Sending conflicting messages to children, Support 4 Kids

Sending conflicting messages to your child can be damaging 

The other day, I happened to be out shopping during office hours which meant that there was a larger than normal abundance of young children, not yet attending school, in the shops. This particular day, I was in no rush as I was waiting to go to a business meeting, and I had arrived early.

While I was browsing in this particular shop, I couldn’t help but observe the parents and how they were interacting with their young offspring.  Honestly, I was not snooping but I couldn’t avoid listening in and I was intrigued by the confusing messages that several of the parents were putting across to their young children.

Sending mixed messages to a child

Listening to these one-way conversations, really reminded me how easy it is to establish a negative belief in anyone including a very young child. One mum was clearly sending mixed messages to her child, and this is how it went. The child was complaining about wanting something, and the mum said NO but then went on to give her child a toy to hold while walking around, so definitely a mixed message. If a child hears a no but receives a reward for complaining, the child will have no guidelines to learn that a no means no. The mum then proceeded to walk around the shop proclaiming to her child in a very loud voice, that ‘NO, you are not getting anything because you do not deserve it’. The sentence ‘you do not deserve it’ was repeated at least five times in the short span that I was listening. The child appeared oblivious to the mum’s comments but I couldn’t help feeling confused on behalf of this child, who was no longer asking for anything but merely looking at things while walking around with the new toy in her hands.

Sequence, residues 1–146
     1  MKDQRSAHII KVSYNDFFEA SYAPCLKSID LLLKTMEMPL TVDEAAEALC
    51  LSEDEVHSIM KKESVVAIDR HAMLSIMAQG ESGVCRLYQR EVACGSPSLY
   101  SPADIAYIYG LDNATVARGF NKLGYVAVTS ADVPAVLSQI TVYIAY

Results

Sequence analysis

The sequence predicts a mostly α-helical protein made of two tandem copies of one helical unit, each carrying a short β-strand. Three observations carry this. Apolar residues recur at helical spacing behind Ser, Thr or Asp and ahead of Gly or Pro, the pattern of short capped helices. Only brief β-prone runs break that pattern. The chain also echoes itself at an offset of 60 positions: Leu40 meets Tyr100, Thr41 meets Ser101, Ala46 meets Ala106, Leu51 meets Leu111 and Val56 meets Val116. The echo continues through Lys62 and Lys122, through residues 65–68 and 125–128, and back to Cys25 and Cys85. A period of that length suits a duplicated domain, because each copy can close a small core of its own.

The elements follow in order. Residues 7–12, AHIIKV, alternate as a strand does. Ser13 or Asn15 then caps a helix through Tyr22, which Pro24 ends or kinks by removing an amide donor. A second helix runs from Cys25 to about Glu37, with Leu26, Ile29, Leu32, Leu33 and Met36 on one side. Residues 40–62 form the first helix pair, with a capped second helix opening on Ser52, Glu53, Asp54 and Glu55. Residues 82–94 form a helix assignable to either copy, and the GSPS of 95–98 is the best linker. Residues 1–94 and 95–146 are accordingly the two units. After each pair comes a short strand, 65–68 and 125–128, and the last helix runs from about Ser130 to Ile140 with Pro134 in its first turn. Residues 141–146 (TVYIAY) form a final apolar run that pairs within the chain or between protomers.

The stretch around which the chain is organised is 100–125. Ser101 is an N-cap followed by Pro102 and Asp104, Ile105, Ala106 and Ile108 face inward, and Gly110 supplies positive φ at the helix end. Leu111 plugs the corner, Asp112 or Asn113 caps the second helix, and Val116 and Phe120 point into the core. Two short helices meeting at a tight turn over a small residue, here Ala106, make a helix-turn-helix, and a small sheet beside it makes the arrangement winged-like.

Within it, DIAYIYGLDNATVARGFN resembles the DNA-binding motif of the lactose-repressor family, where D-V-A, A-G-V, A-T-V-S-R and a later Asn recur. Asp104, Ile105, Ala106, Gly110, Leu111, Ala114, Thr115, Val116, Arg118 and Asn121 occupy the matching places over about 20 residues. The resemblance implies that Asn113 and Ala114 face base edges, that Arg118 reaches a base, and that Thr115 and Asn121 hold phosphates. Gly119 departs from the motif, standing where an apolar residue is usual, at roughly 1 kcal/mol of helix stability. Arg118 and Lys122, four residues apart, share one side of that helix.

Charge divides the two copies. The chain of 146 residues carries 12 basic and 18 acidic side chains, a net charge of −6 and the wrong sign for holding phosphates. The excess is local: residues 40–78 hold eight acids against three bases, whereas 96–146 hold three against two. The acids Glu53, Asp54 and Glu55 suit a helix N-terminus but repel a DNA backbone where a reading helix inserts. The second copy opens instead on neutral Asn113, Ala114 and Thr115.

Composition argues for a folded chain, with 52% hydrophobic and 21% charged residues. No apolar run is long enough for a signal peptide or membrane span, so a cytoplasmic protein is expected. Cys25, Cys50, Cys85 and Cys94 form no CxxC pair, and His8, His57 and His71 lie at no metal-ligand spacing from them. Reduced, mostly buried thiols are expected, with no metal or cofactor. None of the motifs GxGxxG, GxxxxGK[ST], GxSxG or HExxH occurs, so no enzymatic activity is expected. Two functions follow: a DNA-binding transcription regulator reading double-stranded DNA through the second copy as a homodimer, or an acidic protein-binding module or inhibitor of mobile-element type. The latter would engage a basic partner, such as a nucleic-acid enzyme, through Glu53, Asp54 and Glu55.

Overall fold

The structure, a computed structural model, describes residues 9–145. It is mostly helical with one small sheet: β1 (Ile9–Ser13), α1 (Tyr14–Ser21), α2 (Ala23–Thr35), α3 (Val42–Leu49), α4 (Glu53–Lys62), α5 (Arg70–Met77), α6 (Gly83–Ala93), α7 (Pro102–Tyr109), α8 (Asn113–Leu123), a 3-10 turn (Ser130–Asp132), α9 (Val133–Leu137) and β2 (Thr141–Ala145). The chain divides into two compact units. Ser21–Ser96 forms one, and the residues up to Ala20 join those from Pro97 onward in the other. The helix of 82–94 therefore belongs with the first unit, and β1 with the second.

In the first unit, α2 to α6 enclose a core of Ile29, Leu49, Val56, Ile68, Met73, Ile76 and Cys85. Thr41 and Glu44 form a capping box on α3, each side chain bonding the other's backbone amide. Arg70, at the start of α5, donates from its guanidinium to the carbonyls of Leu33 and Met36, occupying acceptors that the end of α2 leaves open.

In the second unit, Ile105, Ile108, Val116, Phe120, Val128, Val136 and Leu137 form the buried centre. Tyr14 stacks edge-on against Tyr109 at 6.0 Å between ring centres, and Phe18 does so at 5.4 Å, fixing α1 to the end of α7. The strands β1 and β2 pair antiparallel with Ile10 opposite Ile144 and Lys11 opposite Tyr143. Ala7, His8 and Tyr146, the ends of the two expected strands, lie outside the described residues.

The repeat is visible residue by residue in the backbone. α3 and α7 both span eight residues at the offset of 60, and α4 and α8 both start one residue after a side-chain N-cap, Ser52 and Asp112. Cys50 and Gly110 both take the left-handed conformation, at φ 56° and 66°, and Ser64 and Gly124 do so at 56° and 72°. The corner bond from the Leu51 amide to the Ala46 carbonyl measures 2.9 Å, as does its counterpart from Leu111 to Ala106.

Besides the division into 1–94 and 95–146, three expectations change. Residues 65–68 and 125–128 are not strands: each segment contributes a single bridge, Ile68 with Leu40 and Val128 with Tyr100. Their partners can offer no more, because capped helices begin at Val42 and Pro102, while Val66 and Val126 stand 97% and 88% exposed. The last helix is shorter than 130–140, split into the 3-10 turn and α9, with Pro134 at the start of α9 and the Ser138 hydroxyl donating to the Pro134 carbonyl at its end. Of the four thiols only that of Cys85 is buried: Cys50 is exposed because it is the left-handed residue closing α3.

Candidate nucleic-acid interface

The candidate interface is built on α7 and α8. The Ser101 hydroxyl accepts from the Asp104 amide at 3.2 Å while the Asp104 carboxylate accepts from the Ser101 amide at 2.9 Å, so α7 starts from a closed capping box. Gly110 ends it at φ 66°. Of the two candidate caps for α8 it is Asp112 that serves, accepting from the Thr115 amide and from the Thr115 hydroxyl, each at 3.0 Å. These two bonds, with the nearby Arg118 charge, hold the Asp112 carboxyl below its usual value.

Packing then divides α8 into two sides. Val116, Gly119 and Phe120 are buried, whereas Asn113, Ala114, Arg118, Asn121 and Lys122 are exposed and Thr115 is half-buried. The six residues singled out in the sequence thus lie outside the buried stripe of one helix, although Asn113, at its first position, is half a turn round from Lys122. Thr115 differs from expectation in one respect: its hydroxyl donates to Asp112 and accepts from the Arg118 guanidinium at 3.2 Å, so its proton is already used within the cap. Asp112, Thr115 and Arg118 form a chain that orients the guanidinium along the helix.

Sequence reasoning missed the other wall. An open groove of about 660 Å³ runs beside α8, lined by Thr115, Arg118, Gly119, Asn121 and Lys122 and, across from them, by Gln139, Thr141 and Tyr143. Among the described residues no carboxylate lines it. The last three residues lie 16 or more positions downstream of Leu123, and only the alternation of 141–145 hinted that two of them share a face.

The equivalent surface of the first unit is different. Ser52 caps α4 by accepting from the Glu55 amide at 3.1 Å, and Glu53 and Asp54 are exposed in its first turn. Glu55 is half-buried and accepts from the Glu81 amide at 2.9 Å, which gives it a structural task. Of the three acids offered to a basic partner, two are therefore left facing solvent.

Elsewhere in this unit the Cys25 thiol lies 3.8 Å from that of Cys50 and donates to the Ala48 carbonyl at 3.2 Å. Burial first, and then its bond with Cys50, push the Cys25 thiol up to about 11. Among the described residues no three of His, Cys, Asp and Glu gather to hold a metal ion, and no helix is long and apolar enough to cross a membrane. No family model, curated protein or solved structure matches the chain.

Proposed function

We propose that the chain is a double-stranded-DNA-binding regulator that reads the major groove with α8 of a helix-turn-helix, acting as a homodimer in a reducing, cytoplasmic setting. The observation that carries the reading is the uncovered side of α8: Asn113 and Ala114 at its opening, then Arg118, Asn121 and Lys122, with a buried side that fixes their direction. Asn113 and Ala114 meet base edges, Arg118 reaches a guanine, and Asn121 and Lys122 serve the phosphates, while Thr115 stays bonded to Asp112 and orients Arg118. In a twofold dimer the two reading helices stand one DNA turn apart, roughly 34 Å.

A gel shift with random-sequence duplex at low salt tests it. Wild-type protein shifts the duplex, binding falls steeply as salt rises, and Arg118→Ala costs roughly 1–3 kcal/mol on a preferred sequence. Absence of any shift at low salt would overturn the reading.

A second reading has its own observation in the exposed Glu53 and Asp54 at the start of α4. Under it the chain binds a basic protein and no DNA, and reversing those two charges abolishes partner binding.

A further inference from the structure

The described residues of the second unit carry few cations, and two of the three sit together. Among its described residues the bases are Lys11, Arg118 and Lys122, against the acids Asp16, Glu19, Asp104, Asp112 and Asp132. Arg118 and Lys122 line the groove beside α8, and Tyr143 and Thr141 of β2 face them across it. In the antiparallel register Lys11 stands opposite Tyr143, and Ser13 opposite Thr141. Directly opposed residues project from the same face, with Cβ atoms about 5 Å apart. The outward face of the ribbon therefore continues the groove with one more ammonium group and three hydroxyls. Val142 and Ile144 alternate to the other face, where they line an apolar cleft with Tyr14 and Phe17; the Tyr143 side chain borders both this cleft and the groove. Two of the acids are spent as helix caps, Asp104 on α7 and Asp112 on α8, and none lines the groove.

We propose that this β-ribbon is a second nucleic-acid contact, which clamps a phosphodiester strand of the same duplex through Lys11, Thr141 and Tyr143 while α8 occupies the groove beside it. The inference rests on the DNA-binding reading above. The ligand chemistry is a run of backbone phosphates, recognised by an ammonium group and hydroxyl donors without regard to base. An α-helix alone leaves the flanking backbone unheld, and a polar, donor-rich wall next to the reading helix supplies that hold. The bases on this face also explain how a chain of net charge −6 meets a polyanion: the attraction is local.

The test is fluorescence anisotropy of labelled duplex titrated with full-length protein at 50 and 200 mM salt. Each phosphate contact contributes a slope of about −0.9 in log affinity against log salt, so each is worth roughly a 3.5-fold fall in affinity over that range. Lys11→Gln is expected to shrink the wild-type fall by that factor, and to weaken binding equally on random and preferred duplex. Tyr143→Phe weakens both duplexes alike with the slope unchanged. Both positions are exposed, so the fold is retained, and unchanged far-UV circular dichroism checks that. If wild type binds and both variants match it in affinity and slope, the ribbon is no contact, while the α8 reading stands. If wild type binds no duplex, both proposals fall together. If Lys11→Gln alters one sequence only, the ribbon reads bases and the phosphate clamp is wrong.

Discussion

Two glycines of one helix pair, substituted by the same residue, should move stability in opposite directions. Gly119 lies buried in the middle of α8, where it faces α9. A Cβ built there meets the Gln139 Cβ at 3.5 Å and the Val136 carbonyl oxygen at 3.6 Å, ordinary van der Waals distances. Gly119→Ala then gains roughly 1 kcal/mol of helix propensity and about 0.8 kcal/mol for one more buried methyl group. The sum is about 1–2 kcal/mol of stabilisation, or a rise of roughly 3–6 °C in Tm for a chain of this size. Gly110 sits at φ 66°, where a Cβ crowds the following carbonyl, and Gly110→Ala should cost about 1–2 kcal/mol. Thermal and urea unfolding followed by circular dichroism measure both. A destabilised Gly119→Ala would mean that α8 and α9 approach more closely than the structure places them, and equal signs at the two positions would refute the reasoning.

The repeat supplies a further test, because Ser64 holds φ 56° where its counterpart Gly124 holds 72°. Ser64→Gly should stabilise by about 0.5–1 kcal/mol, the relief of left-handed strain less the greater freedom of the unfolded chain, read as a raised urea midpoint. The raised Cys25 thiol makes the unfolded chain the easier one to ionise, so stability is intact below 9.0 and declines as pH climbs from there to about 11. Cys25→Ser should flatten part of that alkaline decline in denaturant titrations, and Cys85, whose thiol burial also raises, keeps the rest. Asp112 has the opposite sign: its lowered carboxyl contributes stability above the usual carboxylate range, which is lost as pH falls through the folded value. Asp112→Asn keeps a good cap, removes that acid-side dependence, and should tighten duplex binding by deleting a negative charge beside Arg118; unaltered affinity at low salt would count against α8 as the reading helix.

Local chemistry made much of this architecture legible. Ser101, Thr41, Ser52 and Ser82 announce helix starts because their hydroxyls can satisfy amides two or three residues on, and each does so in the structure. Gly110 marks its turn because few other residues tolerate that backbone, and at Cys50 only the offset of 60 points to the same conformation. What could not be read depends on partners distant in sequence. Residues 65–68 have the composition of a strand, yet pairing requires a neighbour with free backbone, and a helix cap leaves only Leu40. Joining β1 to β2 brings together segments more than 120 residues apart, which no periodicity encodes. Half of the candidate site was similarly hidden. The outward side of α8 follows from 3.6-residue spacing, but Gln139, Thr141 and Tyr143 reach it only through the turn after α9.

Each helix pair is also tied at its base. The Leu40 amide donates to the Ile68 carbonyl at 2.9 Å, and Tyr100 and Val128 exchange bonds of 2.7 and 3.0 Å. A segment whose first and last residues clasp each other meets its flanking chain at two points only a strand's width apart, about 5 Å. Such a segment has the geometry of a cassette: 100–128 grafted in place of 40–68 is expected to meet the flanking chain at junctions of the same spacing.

Parents and children

How words can be misunderstood by children

When we look at the use of language, what does it actually mean when we say ‘you don’t deserve anything’? The word ‘anything’ is an extremely large and never ending word – does it mean the child is not allowed a drink, a cuddle or food? Also, looking at the word ‘deserves’, what parameter is being used to identify when a child deserves something, does the child even know what is required or is the child simply tuned out because they did get something (a toy) even though they have been told they don’t deserve it!

What is worrying, is how easy it is to implant a negative belief in even a young child. Such repeated comments from a parent can easily cause a child issues later in life, like low self-esteem and a need to please others in order to deserve something whether this is attention, love or indeed a promotion at work. The mind is a powerful tool where ideas and beliefs can linger around for a long time. Often the person in question is unaware of the reasons behind the insecurities that are potentially holding them back from achieving certain things in life.  The good news are that you can reverse such old negative beliefs and create new positive beliefs about yourself and your abilities. If you are a parent and you recognise any of the above patterns, have a look at some of our online solutions, and discover how easy it is to change a communication pattern. If, on the other hand, you have been on the receiving end of this and you are suffering from low self-esteem, there are other techniques for you, allowing you to change those old negative beliefs.

By Tina Elven

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One Reply to “Sending conflicting messages to your child can be damaging ”

  1. Glad it is not just me who have noticed such tendencies in shops, or maybe I just feel smug because my children are older, and I have forgotten those days.

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